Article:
German Cities Refuse to Launch Free Public Transport
Five cities in Germany did not approve the idea of providing free public transport to improve air quality, calling it unrealistic, DPA reported.
Berlin is under pressure to meet European air cleanliness standards and to avoid fines.
No municipality offered free fully public local transport, Bonn Mayor Ashok Sridharan said after discussions between the five cities and the ministry of the environment.
The five cities where the plan was to be tested are Bonn and Essen in North Rhine-Westphalia, and Mannheim, Reutlingen and Herrenberg in the Baden-Württemberg province.
Asked whether the idea could be tested in at least one city, Sridharan replied: "I think this is quite unrealistic."
Air pollution levels set by the EU are still exceeded in nearly 70 German cities, the most affected being Munich, Stuttgart and Cologne, according to an official report. The five cities, however, promised by mid-March to submit proposals to the Ministry of the Environment on how to improve the air.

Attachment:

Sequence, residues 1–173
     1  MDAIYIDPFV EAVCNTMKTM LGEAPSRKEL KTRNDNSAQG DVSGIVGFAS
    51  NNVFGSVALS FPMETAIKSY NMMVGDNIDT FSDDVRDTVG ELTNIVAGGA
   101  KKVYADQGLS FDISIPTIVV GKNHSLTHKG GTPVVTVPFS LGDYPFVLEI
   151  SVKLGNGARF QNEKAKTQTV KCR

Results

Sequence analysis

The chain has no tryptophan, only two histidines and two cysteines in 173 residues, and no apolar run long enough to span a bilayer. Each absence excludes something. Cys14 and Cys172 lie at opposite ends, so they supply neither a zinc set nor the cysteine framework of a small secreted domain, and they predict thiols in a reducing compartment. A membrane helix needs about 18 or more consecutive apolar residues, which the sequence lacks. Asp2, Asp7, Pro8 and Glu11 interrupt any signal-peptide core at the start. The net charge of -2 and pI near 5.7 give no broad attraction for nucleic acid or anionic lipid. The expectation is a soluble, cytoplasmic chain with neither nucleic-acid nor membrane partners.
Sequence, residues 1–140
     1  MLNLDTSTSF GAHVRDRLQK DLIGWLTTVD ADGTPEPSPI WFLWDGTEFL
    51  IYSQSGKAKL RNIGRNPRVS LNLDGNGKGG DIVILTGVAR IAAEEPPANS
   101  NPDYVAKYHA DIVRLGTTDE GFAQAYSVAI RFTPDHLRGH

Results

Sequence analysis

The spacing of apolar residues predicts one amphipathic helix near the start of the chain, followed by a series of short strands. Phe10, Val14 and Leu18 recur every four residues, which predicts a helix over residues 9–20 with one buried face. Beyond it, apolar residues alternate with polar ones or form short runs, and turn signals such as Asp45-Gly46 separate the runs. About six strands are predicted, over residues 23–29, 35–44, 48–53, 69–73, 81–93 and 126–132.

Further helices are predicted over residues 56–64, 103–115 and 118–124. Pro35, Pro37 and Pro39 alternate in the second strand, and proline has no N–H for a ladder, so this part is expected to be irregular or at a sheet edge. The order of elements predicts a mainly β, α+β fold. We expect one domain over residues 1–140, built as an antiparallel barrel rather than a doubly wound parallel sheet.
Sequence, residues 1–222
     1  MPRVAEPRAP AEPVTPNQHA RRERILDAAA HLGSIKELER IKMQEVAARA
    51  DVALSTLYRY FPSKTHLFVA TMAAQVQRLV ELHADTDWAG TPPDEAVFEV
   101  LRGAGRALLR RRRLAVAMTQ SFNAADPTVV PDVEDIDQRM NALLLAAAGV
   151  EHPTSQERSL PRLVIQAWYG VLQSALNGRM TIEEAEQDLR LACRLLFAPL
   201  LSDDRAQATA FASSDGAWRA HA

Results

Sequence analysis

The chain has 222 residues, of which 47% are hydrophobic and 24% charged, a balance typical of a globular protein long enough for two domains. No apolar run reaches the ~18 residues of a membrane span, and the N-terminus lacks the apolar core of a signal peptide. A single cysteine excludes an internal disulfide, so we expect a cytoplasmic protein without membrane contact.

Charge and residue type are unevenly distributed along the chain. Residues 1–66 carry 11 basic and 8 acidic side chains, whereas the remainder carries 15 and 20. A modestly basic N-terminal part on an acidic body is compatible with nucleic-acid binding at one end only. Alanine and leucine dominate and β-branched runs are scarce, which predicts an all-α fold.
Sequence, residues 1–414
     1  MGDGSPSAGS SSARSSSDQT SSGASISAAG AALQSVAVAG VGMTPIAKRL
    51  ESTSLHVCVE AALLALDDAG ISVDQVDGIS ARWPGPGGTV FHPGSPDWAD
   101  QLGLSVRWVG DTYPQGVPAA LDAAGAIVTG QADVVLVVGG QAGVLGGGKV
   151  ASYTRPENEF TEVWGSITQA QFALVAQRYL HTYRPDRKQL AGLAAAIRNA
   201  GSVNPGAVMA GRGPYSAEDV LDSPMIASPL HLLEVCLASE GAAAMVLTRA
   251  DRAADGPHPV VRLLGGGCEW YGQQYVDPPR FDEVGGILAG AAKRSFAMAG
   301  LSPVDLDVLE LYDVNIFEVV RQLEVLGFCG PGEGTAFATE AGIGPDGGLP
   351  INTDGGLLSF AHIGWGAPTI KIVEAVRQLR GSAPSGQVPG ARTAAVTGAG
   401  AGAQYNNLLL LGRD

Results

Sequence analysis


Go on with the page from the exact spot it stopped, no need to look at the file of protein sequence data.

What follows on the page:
The main goal is to make people driving diesel-powered vehicles to use public transport, said Reitlingen Mayor Barbara Bosch.
A spokesman for the ministry specified that the idea of free public transport has not yet been deleted from the agenda.
- » The European Parliament is Discussing Brexit
- » Donald Trump Is Ready to Approve a Initial Trade Deal with Japan
- » Jean-Claude Juncker: The Risk of a No Deal Brexit Remains Very Real
- » The US Is Suing Edward Snowden over his Book
- » More than 300 French Have Been Arrested Following Riots in Amsterdam
- » New York’s Tallest Apartment Building